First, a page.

The Caps just completed a brisk practice at the Lightning's facility in Brandon, Fla. This was one of those weird road practices where the players got dressed at the game rink, bussed to the practice rink, then bussed right back. That means there wasn't much time for post-practice interviews, but reporters had a chance to talk to talk to Coach Bruce Boudreau for a few minutes.
Here are the basics:
*Defenseman John Erskine did not practice and is "questionable" for tomorrow's game because of an "upper-body injury" he suffered against Atlanta. If he is unable to play, swingman Tyler Sloan will suit up for the first time in five games.
"I never want to say never," said Boudreau, who also won't say what the injury is as a matter of team policy. "He was a little sore today. We want to make sure he's ready when he comes back."
*After his players racked up 17 goals in the past three games, Boudreau did not make any changes to the forward combos.
*It's unclear which goaltender Boudreau will start tomorrow night at St. Pete Times Forum, but the coach previously said that he plans to tap Jose Theodore for one of the next two games and play Michal Neuvirth in the other.
*Boudreau on Neuvirth's emergence: "Everybody in our organization, at least, thought he was going to be a really good goaltender. Sometimes it just doesn't happen overnight. It takes time to get acclimated to the league and understand how hard you have to work to be good in this league. Everybody saw the talent in him. He's now playing the way we thought he could."
By the way, that's the second time in recent days that Boudreau has acknowledged that Neuvirth has stepped up his work habits. Perhaps that has something to do with his sudden spike in effectiveness, as well.
What Boudreau really likes about Neuvirth, though, is the fact that the 21-year-old is able to easily shake off bad goals and shaky performances. Last game, he quickly bounced back from Maxim Afinogenov's goal, which somehow managed to slither past him.
"Nothing seems to bother him -- and that's good," Boudreau said. "He can shake off a bad performance and buckle down. He stays pretty calm in the net and doesn't let a goal get to him. It's like golf, a little bit. When a golfer has a bad shot ... the good ones can shake that off and forget about it. He's like that. Some goalies can't do that."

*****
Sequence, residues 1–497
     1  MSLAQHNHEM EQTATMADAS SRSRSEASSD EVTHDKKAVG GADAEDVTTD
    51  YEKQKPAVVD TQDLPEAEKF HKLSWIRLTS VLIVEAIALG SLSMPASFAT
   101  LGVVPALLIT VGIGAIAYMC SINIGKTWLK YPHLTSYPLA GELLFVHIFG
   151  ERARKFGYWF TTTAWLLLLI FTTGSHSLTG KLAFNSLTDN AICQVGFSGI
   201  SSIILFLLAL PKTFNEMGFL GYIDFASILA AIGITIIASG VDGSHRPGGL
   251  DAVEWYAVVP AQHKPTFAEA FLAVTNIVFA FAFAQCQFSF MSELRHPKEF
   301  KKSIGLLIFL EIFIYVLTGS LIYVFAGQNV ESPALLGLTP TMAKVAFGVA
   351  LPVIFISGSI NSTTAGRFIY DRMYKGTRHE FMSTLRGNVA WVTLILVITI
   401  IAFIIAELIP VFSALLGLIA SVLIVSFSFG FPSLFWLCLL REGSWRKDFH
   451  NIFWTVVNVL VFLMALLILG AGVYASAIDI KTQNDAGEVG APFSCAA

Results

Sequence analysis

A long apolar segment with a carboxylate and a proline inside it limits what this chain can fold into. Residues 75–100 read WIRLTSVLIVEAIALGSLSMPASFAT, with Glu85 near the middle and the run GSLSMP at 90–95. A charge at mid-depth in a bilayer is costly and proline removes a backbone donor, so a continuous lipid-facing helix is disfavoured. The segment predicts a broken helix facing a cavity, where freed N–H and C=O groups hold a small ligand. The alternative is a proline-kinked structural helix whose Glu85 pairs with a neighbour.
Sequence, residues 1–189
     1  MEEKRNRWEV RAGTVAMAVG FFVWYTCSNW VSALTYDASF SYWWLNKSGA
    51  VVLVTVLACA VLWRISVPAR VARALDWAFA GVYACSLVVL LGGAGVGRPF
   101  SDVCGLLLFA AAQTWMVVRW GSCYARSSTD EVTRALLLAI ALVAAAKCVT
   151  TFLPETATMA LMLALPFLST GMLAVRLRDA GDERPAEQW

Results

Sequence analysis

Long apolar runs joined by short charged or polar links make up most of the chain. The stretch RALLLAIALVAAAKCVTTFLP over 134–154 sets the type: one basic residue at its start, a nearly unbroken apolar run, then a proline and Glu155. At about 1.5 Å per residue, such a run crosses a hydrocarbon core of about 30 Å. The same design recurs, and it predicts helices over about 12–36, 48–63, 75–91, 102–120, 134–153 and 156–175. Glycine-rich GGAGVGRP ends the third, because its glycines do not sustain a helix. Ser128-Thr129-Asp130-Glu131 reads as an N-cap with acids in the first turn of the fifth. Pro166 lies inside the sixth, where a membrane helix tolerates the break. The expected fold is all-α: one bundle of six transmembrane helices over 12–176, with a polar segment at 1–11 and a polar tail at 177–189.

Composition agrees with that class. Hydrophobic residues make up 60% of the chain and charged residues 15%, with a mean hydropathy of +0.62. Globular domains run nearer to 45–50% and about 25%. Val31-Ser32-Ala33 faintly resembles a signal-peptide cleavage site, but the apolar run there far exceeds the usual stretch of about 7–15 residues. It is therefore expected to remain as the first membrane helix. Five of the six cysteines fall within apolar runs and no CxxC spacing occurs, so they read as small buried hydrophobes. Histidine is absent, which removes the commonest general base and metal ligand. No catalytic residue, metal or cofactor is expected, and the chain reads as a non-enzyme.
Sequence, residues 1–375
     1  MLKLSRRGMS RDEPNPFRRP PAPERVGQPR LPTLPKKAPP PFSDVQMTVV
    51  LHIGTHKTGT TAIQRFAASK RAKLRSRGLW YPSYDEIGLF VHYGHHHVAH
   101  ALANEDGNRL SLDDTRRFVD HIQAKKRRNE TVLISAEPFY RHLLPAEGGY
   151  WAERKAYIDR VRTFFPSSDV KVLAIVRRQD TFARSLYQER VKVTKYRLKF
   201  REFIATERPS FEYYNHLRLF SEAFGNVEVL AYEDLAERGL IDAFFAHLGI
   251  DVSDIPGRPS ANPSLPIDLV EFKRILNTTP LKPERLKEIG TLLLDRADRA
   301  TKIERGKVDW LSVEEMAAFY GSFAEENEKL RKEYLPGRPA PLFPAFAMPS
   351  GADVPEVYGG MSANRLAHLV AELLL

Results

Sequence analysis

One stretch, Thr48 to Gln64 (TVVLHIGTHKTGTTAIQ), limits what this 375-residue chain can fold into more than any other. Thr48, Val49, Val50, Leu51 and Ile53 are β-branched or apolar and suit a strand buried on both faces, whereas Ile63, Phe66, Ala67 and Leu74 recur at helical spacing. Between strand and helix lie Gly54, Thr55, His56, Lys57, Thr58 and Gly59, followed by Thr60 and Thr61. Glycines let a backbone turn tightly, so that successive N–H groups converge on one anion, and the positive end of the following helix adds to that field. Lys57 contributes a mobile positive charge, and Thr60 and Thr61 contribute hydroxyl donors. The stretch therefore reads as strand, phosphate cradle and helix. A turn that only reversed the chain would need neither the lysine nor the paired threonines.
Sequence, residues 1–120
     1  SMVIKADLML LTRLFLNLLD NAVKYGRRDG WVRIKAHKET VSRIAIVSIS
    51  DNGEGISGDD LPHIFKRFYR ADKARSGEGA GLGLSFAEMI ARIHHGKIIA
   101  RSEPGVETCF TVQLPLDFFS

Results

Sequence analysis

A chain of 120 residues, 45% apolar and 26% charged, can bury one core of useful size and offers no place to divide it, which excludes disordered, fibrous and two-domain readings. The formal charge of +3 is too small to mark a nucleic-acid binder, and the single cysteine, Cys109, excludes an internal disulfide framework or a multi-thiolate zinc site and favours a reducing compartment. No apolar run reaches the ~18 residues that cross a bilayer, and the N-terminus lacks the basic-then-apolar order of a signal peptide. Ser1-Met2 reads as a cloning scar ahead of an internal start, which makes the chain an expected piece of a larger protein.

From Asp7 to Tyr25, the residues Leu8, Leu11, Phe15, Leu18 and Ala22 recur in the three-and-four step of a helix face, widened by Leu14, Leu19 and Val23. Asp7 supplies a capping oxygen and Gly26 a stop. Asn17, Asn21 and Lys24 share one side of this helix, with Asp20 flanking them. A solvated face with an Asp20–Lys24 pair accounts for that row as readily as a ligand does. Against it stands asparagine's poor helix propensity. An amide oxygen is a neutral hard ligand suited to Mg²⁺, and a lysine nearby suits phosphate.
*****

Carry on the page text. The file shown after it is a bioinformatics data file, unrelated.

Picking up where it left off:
*I'm writing a story about Tom Poti for tomorrow's Post. As you're probably aware, the Caps' top shutdown D-man has been on an offensive tear the past five games, amassing six assists and a goal in that span. That matches his total offensive output from the previous 31 games.
Washington boasts the league's best offense, but getting production from secondary sources is always welcome -- and that's exactly what Poti is providing right now for the Caps, who have the fewest goals from the blue line (15) of any of the teams ranked in the top five.
"He's being more assertive [and] he's shooting the puck," Boudreau said. "We had a talk about our 'D' not shooting the puck to score. He's doing a lot of great things that he's capable of doing, that maybe he forgot he was capable of doing. We saw it last year in the New York [Rangers playoff] series when he had a goal and three assists. He was easily the best player on the ice. And when he wants to be, he can be that."
*Tomorrow, the Caps face a Lightning team they've knocked off a franchise record 12 straight times. The 'Bolts are also coming off a less-than -ideal weekend in which they started a game in New Jersey on Friday, played in Philly on Saturday, then finished their suspended game against the Devils on Sunday.
I'll check in again from the morning skate tomorrow.